Living with M.S.

"Living with M.S. is sort of like training for a long race. The harder you try, and the longer you keep at it, the stronger you become.
Eventually, looking back, you may be amazed at the power you possessed, even when you had no idea it was within your reach." (Linda Ann Nickerson)

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Monday

April A to Z theme unveiled: Describing multiple sclerosis from A to Z




How would you describe multiple sclerosis? This can be trickier than some might suppose.

Kicking MS to the Curb is doing the annual April A to Z Blogging Challenge again this year. That means I have committed to publish 26 alphabetical posts during the month of April. (That might almost be cause for an altogether different sort of commitment. But I digress.)



Today is A to Z Challenge Theme Reveal Day. Here’s my blog topic for this month-long series: Describing multiple sclerosis from A to Z.



Each day will feature a key word that helps paint a picture of life with MS Hope you will stop in at Kicking MS to the Curb often throughout the April A to Z Challenge. Whether you live with MS personally or care about someone who does, I hope this series will prove both encouraging and informative.

Image/s:
April A to Z Challenge 2016 logo – fair use
 Adapted from public domain artwork

Feel free to follow on Google Plus and Twitter.  You are invited to join the Kicking MS to the Curb page on Facebook and the Making the Most of MS board on Pinterest as well.

Sunday

Medical math: Baffled by health care billing




Medical billing has me wholly baffled.

A fairly routine medical test, which took less than an hour, supposedly cost $3,765.24. That’s what my medical insurance claim summary report says. It’s listed right under the “Provider Charges” heading.

The very next column lists “Allowed Amounts” and this magic number: $532.67.

Finally, the “Patient Share” figure is listed: $103.52.

Let’s summarize, shall we?


  • Hospital claims:   $3,765.24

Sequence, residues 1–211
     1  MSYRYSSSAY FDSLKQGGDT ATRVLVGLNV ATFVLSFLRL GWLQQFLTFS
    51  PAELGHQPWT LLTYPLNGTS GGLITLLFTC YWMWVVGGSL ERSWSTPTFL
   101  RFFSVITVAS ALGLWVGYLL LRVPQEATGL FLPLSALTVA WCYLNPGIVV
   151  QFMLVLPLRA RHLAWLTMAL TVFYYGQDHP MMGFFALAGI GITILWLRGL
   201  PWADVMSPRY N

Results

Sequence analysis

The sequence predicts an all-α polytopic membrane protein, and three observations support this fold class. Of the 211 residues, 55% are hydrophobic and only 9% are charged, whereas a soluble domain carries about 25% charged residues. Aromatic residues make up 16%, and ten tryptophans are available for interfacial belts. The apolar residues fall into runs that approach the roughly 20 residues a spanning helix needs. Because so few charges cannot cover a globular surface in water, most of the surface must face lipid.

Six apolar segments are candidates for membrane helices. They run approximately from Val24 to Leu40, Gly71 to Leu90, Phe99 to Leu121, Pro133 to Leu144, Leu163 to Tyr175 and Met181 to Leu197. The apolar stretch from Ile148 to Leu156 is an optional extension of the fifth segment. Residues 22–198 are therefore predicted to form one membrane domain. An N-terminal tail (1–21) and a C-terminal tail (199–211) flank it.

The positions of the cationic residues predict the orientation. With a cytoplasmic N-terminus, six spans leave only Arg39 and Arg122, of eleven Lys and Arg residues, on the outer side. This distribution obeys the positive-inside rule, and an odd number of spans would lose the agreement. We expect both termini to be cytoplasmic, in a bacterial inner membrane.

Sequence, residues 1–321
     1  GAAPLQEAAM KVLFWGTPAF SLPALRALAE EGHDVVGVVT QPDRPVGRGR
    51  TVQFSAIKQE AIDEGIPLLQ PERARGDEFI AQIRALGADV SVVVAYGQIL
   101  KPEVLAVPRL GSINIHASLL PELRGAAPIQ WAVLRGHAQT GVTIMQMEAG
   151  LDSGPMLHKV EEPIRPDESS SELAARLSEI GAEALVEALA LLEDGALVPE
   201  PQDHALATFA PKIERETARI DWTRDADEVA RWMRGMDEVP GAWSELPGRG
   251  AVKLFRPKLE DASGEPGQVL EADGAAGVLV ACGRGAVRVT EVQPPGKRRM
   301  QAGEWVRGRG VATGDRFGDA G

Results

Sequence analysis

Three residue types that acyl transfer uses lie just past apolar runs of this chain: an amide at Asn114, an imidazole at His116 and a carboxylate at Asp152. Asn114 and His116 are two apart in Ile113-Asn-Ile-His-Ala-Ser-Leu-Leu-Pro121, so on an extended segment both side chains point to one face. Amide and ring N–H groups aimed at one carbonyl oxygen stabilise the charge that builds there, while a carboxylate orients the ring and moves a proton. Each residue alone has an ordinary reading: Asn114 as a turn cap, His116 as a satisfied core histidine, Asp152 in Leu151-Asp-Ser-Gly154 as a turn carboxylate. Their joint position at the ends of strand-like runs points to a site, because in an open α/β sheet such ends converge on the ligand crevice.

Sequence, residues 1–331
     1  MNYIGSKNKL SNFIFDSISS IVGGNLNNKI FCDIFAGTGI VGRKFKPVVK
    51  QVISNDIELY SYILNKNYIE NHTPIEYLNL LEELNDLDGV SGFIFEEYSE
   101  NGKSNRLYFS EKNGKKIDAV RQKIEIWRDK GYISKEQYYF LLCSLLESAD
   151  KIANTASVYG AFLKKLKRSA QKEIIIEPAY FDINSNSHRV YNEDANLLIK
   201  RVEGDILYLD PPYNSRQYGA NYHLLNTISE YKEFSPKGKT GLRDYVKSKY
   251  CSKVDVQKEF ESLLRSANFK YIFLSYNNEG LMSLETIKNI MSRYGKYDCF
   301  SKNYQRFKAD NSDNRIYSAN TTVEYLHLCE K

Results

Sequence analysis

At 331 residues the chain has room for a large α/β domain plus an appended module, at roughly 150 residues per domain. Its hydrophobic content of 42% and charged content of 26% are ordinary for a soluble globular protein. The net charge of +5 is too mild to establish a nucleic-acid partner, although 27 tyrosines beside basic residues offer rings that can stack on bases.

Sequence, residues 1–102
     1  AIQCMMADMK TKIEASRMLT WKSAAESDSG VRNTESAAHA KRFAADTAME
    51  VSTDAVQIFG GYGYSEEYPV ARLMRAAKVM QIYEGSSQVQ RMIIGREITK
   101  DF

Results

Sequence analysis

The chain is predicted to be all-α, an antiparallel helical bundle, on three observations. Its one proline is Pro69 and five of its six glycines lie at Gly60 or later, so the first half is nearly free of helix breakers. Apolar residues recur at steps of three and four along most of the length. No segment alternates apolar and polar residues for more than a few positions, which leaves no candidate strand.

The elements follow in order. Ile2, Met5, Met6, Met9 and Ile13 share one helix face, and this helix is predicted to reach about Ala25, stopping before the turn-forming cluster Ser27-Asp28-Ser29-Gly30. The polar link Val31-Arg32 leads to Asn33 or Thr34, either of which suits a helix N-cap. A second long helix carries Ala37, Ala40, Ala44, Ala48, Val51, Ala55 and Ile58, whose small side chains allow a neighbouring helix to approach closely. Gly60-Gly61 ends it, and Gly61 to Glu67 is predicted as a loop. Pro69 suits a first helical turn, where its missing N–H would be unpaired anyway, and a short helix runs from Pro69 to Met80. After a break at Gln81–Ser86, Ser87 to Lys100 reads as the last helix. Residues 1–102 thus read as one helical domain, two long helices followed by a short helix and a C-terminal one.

• Insurance accepts:  $532.67
  • Patient must pay:    $103.52


Sorry, wrong number.

It just doesn't add up!

Where do they come up with this stuff? One thing is clear: The cost is not the cost. In fact, there seems to be no hard-and-fast actual cost at all. (OK, that's not clear at all.)

Who would ever pay the full price, anyway? And who taught these guys to do basic math? (Don’t get me started on the Common Core thing.)

Maybe someone needs to go back to Square One. Perhaps the hospital accountants need to have their heads examined. I wonder what that would cost … and who would pay for it.

Many have claimed there’s strength in numbers. After seeing my medical bill, I beg to differ. One plus one equals ... what?

Image/s:
 Adapted from public domain artwork

Feel free to follow on Google Plus and Twitter.  You are invited to join the Kicking MS to the Curb page on Facebook and the Making the Most of MS board on Pinterest as well.

Thursday

MS or just me? I can feel my toes again!




Weird symptoms sometimes just happen to anybody, don’t they? It’s easy to blame everything on MS, but I’m not sure that’s always fair. Sure, I loathe the MS MonSter as much as any MS battler. But I do think quirky conditions occasionally just come and go.

Have your feet ever gone numb for a while? Mine have!

For months, my toes tingled and then went completely numb every time I went running. It always seemed to start right around the one-mile marker. I tried loosening my laces. I tried stretching and stomping. I tried a variety of athletic socks and shoe brands and styles.

I even tried drinking lots of extra water, just in case my numb feet had something to do with insufficient hydration.

No such luck.

Like clockwork, my toes would start that annoying pins-and-needles thing after the first mile. Sometimes it would spread to my soles and more, making my feet completely numb.

Aaargh!

I dreaded the idea that my tingling and then unfeeling toes might signal an oncoming MS exacerbation.

Oh, please, no!

After doing a little research, I learned that tingling toes and numb feet are a fairly common occurrence among runners. This seems to happen rather frequently to those who log miles on treadmills, trails, paths, sidewalks, roads, or anywhere else.

Exercise raises the body temperature and makes the feet swell. Sure, it does! That makes running shoes fit more snugly. And tighter shoes can restrict blood circulation in the feet. Puffy feet in snugger shoes can spell tingly toes and numb feet.

At last I had the answer!

This was not some weird neurological symptom for only me.

I hit the shoe store (just in time for a super sneaker sale) and picked up one more pair of running shoes. But this time, I kicked it up a half size from what I usually wear.

Well, whaddya know? That solved the problem. I can run for miles, and my feet do not go numb. I can feel my toes – at least, for now.

I’m still on pins and needles right before a race. Maybe I always will be. But that has nothing to do with my toes tingling or growing numb.

Image/s:
 Adapted from public domain photo

Feel free to follow on Google Plus and Twitter.  You are invited to join the Kicking MS to the Curb page on Facebook and the Making the Most of MS board on Pinterest as well.
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